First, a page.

There I was, all on my own at Durham University in northern England. The year was 1975 and I was studying abroad on a program through the Institute of European Studies. It was a thrill to call that beautiful old cathedral city home, walking among age-old buildings, the castle and along the banks of the River Wear as a matter of course.
I loved the opportunity to lose my American self among the British and to immerse myself in their culture. As one of only 40 Americans in a sea of 4,000 students it was easy to do. I joined student clubs that offered experiences that were uniquely British. Soon I found myself in a church belfry doing “change ringing” on huge bells high over my head. I scaled rock faces with the mountaineering club, and went “walking” in the Lake District. I even rowed in a four-with-cox shell.
But the greatest gift of that year was the people I met. Little did I know they would become lasting friendships.
Jo rescued me. I was in the dorm laundry room, totally befuddled by the English version of washers and spin dryers. She immediately sensed my predicament and in her lively manner set about instructing me on the operating procedures. Hailing from the far north, Jo had a Geordie accent which added a language barrier to the session as I could barely understand her. But we muddled through and I found that she was equally curious about me and my “terrible American accent.” In short, we hit it off.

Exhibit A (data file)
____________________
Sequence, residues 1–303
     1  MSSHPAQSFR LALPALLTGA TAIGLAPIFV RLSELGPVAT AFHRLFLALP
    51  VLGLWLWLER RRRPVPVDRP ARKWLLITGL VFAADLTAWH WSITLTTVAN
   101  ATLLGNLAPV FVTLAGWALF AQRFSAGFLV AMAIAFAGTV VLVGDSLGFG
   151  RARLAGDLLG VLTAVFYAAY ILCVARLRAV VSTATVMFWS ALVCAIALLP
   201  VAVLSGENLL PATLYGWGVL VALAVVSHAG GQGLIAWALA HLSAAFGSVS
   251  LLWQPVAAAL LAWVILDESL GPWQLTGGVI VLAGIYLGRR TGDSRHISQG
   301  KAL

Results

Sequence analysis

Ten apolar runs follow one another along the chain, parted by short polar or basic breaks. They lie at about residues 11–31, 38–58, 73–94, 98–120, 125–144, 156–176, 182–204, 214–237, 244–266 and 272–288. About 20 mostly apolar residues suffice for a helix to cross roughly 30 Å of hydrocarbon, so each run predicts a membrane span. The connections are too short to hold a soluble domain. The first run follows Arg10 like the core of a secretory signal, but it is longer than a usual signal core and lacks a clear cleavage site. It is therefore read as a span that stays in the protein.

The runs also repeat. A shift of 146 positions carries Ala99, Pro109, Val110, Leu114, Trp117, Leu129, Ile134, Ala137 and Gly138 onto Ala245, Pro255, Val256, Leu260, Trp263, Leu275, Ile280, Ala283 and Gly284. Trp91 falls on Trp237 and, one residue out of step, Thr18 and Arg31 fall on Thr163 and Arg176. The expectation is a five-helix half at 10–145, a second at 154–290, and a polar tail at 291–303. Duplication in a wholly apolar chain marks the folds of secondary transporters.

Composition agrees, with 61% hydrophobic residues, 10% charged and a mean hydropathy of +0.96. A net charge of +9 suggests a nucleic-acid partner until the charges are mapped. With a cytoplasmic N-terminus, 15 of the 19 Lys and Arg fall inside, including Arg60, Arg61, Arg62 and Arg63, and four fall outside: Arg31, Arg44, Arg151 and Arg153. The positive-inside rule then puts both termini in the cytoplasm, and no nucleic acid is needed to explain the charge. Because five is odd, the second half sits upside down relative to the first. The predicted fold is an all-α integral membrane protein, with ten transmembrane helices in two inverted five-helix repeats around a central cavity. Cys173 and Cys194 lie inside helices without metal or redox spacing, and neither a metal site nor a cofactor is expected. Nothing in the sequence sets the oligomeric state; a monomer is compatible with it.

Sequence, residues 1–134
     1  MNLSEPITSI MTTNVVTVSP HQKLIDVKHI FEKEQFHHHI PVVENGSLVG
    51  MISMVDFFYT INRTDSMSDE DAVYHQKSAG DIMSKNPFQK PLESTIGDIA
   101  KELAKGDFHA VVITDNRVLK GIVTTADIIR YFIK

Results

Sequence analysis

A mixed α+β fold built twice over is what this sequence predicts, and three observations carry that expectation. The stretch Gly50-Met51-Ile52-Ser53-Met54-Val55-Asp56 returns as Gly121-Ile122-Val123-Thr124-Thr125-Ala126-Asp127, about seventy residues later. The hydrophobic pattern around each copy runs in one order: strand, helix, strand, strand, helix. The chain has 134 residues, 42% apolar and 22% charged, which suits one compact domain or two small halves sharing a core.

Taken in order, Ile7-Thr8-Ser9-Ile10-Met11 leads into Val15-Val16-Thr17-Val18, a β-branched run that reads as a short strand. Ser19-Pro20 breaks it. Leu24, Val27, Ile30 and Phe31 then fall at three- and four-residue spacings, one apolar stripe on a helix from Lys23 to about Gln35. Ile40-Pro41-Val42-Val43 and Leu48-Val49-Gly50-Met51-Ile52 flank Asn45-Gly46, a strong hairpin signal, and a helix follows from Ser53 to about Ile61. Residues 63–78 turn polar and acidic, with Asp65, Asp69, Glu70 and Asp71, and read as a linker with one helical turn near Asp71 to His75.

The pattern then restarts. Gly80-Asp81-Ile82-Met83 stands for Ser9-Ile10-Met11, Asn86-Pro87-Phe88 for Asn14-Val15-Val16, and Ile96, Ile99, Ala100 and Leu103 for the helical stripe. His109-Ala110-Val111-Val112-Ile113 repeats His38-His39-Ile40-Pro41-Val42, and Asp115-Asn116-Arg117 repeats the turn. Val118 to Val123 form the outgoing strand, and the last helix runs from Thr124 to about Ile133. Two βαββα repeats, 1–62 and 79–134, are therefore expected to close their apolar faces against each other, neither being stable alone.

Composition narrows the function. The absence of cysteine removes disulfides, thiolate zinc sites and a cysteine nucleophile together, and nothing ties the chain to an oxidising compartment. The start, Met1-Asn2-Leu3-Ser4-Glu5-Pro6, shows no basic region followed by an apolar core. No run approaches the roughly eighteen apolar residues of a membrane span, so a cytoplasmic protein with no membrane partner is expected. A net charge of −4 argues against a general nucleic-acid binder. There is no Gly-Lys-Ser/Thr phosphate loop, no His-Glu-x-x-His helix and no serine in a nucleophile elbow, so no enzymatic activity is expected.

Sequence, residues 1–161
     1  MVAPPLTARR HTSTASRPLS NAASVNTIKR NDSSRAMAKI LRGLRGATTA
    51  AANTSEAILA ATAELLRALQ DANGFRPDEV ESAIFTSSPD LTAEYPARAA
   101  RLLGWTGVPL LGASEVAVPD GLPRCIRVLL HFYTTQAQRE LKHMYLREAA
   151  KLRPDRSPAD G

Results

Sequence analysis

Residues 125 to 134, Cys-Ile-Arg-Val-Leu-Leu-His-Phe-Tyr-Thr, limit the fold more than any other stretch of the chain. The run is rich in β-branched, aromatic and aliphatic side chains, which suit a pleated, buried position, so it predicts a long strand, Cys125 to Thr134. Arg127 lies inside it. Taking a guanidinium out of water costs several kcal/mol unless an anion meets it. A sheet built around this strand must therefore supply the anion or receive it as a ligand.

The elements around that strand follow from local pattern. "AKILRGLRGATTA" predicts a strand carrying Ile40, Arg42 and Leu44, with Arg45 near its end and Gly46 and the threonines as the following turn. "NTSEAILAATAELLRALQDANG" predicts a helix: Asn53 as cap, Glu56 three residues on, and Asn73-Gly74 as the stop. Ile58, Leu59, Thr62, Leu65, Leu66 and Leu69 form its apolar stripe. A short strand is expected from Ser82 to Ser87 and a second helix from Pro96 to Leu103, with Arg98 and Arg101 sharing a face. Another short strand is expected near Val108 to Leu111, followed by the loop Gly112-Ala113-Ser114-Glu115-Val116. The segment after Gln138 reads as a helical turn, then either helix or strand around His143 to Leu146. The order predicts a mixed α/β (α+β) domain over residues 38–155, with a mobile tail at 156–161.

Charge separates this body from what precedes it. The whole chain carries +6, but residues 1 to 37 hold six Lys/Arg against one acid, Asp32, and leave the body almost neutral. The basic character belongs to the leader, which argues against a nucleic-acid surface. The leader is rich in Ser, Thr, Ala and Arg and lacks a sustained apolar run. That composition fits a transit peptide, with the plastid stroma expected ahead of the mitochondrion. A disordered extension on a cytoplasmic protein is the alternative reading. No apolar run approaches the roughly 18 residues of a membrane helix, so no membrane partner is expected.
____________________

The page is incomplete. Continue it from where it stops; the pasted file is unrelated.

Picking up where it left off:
Mary was a good Catholic girl. I met her at a Catholic Society event. She was quiet but friendly and but we were drawn to each other. Discovering that we were both the studious type and lived in the same dorm, we established a fast bond. It was Mary who became my confidant. We could talk for hours, time slipping by unnoticed and never running out of conversation.
That was all forty years ago, almost to the day. And despite the passage of time our friendships have endured. In spite of the long distances between us, we have continued to see each other periodically through the years. We have even traveled to share our children's weddings. And regardless of communication barriers, we have stayed in touch. Mary and I are still avid talkers, thanks to Skype and other advances in technology.
So it seems fitting that I am traveling on my own to England once again. This time for the sole purpose of visiting my friends. I know they have both been planning excursions, cooking up a storm, and scheming for the duration of my visit. And I can't wait to be back in Jolly Olde England, a place that won my heart that year I lived there (and the subsequent graduate year I finagled just to be able to return). But it's really all about the people. I can absorb my fill of ordered green countryside with its rambling stone walls and hedgerows, drink an abundance of properly brewed tea with milk and take in the ancient buildings while in their company.
I have no fear of running out of things to say. We have forty years of memories to draw upon, share and compare. Gaps to fill. Family and career moves to relate. I know it will be like we saw each other just yesterday. These are lifelong friends.